Andrew Wiggins was looking like a fantasy afterthought in Cleveland. Maybe it was that the trade was already a fait accompli and there was no point in ballyhooing his arrival. But he was going to be a role player at best alongside LeBron and Irving, and now he joins a vastly improved fantasy situation.

Expectations are key. In Cleveland, Wiggins was going to be under a microscope, playing alongside LeBron in a championship-or-bust dynamic. Now he goes to a rebuilding team.

Minnesota's roster already has some intriguing fantasy players: Ricky Rubio, Nikola Pekovic, Gorgui Dieng and Kevin Martin, all will help owners in 2014-15.

Wiggins showed a little more polish to his offense than expected in summer league. With his defensive chops, he should carve out an immediate spot in the rotation and could start sooner rather than later. And don't forget Wiggins in Minnesota is in store for a boost in pace, on top of lowered expectations and increased minutes.

With his staggering athletic upside, Wiggins makes for the kind of player who could take a massive fantasy leap overnight. Upside alone should make Wiggins a savvy late-round pick in medium-to-deep leagues. Depending on how things shake out in training camp, seventh round feels about right.

Which means I still wouldn't reach for Wiggins. Don't fall for name value in a non-keeper league. Don't forget that Kevin Martin and Corey Brewer will probably enter training camp ahead of Wiggins on the depth chart. As of this writing, Zach LaVine is also with the Timberwolves. That's enough of a glut on the wing to prevent Wiggins from being penciled in as an immediate starter.

On the rookie scale, I'd still rank Wiggins behind Jabari Parker and Elfrid Payton (and maybe Dante Exum), but this (rumored) trade at least puts Wiggins into the immediate fantasy conversation.

Thaddeus Young to Minnesota

This one stings just a little. Any time a player leaves the high-paced environment with the Philadelphia 76ers, he's going to take a fantasy hit.

After shifting to power forward, Young became one of the most underrated players in fantasy last season, posting career highs in points (17.9) and 3-pointers (1.1).

He suffered a hit in field goal percentage, but that was due to the increase in 3-point attempts. While Young was mediocre from downtown (31 percent), but the Sixers didn't particularly prize efficiency within their volume-charged system. Again, anyone who leaves that fantasy situation is going to suffer. Look at what happened to Spencer Hawes after being dealt to the Cleveland Cavaliers.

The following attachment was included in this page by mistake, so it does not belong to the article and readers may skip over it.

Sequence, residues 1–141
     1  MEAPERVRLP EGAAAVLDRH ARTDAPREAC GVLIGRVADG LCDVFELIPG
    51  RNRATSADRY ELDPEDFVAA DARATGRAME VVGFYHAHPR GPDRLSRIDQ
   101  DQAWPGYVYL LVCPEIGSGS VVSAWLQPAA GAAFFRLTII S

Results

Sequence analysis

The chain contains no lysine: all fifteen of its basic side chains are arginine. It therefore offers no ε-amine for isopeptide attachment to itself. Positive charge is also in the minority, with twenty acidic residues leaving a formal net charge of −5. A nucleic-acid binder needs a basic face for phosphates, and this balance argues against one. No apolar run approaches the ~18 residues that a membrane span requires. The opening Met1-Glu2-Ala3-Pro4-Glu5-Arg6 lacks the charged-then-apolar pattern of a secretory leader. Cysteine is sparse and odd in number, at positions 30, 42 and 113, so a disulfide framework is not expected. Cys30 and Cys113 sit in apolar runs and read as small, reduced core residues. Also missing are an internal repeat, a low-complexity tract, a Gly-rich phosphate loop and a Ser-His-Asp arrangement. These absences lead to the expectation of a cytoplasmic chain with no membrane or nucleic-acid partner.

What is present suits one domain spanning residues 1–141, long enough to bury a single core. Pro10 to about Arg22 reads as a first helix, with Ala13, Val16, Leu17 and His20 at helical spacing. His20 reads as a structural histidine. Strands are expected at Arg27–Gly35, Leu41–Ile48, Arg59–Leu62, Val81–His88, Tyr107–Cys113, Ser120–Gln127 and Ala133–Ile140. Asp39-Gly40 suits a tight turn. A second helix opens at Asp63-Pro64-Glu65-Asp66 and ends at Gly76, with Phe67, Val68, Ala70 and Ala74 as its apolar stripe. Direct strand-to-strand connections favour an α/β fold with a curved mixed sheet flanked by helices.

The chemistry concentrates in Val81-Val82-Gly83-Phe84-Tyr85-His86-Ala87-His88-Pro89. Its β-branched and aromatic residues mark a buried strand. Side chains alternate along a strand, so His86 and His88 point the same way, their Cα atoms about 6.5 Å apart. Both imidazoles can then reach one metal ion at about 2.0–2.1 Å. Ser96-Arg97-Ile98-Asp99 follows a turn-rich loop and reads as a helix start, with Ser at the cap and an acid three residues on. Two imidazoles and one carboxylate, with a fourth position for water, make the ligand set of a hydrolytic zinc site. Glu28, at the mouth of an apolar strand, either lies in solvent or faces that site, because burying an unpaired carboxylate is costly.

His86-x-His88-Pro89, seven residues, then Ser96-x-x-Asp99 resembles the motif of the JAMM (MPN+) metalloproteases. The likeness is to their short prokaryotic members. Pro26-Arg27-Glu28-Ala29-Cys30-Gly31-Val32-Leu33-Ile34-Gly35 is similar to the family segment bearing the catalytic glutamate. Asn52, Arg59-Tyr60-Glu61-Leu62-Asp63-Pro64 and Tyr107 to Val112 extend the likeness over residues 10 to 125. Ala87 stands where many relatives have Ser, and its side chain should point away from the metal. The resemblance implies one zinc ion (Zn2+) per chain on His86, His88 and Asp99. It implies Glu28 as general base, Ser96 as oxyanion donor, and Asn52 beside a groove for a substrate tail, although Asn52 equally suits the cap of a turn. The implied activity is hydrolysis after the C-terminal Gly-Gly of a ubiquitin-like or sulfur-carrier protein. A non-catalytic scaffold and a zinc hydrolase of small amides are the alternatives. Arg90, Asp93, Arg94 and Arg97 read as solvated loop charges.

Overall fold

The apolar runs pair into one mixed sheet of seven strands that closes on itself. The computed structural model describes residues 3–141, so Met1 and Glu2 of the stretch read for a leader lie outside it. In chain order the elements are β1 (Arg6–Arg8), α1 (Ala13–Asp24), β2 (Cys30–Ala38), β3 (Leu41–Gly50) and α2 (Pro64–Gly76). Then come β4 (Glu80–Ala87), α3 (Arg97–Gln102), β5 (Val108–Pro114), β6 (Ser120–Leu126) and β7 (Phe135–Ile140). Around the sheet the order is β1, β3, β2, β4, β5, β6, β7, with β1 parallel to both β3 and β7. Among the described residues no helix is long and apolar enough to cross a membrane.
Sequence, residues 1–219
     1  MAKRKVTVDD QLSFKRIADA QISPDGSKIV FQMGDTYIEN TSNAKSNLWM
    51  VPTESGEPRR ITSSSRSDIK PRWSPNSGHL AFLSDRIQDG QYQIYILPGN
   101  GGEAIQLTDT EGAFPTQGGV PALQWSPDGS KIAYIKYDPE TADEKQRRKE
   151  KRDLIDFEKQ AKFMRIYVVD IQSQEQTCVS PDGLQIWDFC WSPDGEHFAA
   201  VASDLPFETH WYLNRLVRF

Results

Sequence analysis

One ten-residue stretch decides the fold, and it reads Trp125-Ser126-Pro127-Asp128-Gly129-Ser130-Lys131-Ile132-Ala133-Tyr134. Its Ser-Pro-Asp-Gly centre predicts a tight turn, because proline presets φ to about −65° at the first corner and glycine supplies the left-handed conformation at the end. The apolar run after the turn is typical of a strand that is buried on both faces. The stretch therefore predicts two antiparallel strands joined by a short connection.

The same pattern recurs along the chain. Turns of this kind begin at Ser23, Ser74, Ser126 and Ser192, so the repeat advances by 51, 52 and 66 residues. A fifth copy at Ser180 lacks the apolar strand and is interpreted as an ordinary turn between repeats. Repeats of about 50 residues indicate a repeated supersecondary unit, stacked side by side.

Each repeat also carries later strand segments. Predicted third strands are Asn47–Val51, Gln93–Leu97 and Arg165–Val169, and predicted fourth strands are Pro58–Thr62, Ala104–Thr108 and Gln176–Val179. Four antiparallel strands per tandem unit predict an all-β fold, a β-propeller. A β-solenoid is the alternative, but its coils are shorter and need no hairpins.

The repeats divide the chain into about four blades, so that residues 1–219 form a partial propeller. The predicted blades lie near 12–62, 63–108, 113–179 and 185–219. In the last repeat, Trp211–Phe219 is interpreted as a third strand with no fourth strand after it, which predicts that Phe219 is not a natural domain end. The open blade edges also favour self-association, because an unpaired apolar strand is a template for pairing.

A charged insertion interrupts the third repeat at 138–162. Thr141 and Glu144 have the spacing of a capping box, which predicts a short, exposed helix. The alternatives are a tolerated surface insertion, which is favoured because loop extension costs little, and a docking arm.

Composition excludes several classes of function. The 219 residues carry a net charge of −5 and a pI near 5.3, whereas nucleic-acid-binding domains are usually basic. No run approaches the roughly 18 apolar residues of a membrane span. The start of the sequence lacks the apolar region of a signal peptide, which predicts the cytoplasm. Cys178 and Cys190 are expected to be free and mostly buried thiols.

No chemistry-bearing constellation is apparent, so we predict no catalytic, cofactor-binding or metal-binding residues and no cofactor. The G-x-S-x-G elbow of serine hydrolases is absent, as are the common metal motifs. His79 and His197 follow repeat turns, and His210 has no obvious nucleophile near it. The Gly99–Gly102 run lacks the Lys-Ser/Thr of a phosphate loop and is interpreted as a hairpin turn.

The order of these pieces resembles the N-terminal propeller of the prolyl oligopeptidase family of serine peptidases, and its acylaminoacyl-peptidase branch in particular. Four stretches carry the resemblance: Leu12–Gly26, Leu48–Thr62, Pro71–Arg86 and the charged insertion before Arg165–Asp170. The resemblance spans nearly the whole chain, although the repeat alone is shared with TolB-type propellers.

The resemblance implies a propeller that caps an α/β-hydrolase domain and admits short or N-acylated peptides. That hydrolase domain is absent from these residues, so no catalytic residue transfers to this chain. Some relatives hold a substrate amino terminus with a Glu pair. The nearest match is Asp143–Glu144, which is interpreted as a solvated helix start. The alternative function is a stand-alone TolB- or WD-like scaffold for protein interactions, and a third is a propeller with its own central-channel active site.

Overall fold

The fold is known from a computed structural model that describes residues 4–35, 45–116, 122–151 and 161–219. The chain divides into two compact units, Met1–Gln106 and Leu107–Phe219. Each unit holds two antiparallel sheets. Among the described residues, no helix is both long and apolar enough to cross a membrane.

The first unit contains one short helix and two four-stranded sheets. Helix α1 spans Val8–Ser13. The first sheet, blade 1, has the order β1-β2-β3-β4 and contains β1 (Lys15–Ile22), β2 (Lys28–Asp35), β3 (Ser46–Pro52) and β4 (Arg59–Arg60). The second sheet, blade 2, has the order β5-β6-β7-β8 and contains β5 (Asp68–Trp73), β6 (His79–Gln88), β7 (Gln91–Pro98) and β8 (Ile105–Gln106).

The good news is that a Love-less Timberwolves lineup should teem with offensive touches for everyone involved. No one is going to command the defensive attention Love demanded, so efficiency could drop.

With an outside shot as terrifying as anything we saw out of the "Ring" franchise, Rubio is primed to be a pure distributor. But the loss of Love means 18.5 field goal attempts per game are suddenly up for grabs.

Martin, Brewer, Pekovic, and Dieng should all see small boosts in value. But a Sam Hinkie-less Thaddeus Young drops to a sixth-round player.

Anthony Bennett to Philadelphia

This could be a sneaky-good fantasy move. Bennett looked like a changed man this summer. He was in shape and displayed some of the offensive range that made him the (mildly shocking) No. 1 pick in 2013.

Any player who suddenly finds himself a 76er immediately becomes a fantasy commodity. This is a developmental squad here to play Washington Generals-style basketball with at least 100 possessions per game. If Bennett is there to mop up Thaddeus Young's vacated minutes and touches, things could get very interesting.

Think about it: Who the heck is going to be the No. 1 option in Philadelphia? Michael Carter-Williams? Nerlens Noel? Hollis Thompson? Joel Embiid's Twitter account? Bennett could be that guy just as easily as anyone else currently on Philadelphia's roster. Training camp will be key here, but Bennett might just be a low-rent fantasy Cinderella by Halloween.